"Everything is blooming most recklessly; if it were voices instead of colors, there would be an unbelievable shrieking into the heart of the night."
- Rainer Maria Rilke
I am always amazed at the rapid transition from winter to spring here in New England. One day you’re sitting by the wood stove cloaked in a heavy sweater and the next day the lawn needs mowing. When the buds on the trees begin to burst and the earliest of the spring flowers begin to bloom, there’s no holding them back. I grabbed my camera and took a little stroll around the garden this past weekend, the first one in May, to see what was happening.
One of the first flowers to appear anywhere in the garden are those of Arabis caucasica (Caucasian Rockcress). We have several fairly sizable patches of Arabis that grow in between the rubble of a stone wall in a substrate that amounts to little more than a thin coating of leaves and pine needles. During spring cleanup we have to be very careful when raking leaves in this section of the garden so that we don't disturb the rather precarious hold that this little plant has on the earth. We have no idea where the plant came from. We didn't plant it. It may have escaped from a container but I don't recall that we ever used it in that way. Nevertheless, it showed up one day as a very small upstart just several inches in diameter, has continued to spread over the past several years and has now self-seeded to a second large patch several feet away.
Most of the early blooming crocuses and snowdrops have past (see this post for more on those) but right on their heels came the daffodils. We have many clumps of daffodils planted throughout the garden. I love the subtle variations in their coloring from creamy whites to bright sunny yellows to those with centers that look like orange solar flares. I wish I knew the names of all the varieties but many of them were planted by Mrs. Parker, the previous owner of the farm. We think of her every time they begin to poke their heads out of the ground in the spring and they represent a nice connection to the farm's historical past. Click on any of the photos to enlarge.
Another early blooming flower here is Pulsatilla vulgaris, the Pasque Flower, which in many areas blooms around Easter, thus its common name. It flowers a little later than Easter here in our corner of New England but its beautiful nodding, urn-shaped flowers and its silky, fern-like foliage make it unique. The foliage goes dormant mid-summer but it retains unusual ornamental seed heads that give the plant a lasting beauty throughout the season.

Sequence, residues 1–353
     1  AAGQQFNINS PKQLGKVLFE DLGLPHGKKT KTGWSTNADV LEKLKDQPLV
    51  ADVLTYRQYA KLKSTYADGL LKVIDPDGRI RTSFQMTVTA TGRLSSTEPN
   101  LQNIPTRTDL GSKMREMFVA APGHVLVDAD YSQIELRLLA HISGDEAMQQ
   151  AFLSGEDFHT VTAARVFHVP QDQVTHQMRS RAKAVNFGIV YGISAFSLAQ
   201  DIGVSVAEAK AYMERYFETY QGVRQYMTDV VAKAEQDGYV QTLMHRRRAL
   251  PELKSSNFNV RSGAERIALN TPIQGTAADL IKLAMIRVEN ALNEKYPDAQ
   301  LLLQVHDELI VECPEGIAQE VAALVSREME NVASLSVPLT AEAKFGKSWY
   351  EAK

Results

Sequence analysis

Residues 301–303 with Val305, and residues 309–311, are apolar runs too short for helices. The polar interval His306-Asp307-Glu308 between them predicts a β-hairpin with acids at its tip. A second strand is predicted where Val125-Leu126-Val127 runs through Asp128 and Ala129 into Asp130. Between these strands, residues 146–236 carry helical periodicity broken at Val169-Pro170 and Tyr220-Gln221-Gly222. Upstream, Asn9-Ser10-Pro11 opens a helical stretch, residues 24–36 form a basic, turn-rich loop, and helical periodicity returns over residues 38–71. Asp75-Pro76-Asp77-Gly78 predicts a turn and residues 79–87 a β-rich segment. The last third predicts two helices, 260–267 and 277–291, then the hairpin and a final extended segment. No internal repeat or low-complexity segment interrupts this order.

It looks like all the snow has finally melted away from the shady north side of the house and the hellebores are looking beautiful.
At the end of last season we added Helleborus 'Honey Hill Joy' to the stumpery garden (photos below), which has more "outfacing" flowers than most hellebores. It looks like it survived the winter just fine. For more about my love of hellebores, see this post.
Right next to the hellebores on the north side of the house, a few Primroses are doing their thing this week...
...and the Mukdenias are shooting up their tall white flowers in the stumpery and around the frog pool.
The Bergenias are just beginning to flower in the lilac garden and the shady ground cover, Omphalodes verna is covered in the deep blue flowers that give the plant its common name of Blue-Eyed Mary.
We have been establishing a ground cover of Waldsteinia ternata (Siberian Barren Strawberry) at the feet of a long row of espaliered apples in the potager and they are covered now with their bright and cheery yellow flowers. Waldsteinia ternata is often sold as a shade plant but it seems to be doing just fine in this rather sunny section of the potager.
There is a lot going on in the stumpery right now. Both the Brunneras and the Pulmonarias are flowerig...
...and there are some stranger looking things showing up that someone like Cousin It from the Adams Family would be quite proud to have in his garden; like this hair-covered Syneilesis aconitifolia (Shredded Umbrella Plant) as it forces its way out of the ground.
Most of the trees are just beginning to leaf out but one of the most interesting to watch over the past several weeks has been the Leonard Messel Magnolia. Its fuzzy flower buds have looked like they have been ready to burst for weeks. And, once the flowers begin to unfold, they transition through a range of beautiful colors, from the deepest to the palest of pinks.
It's no wonder that May has been a time to celebrate since pre-christian days when thanks were given to Flora, the Roman goddess of flowers. It truly is a time when things are blooming most recklessly! Happy May Day!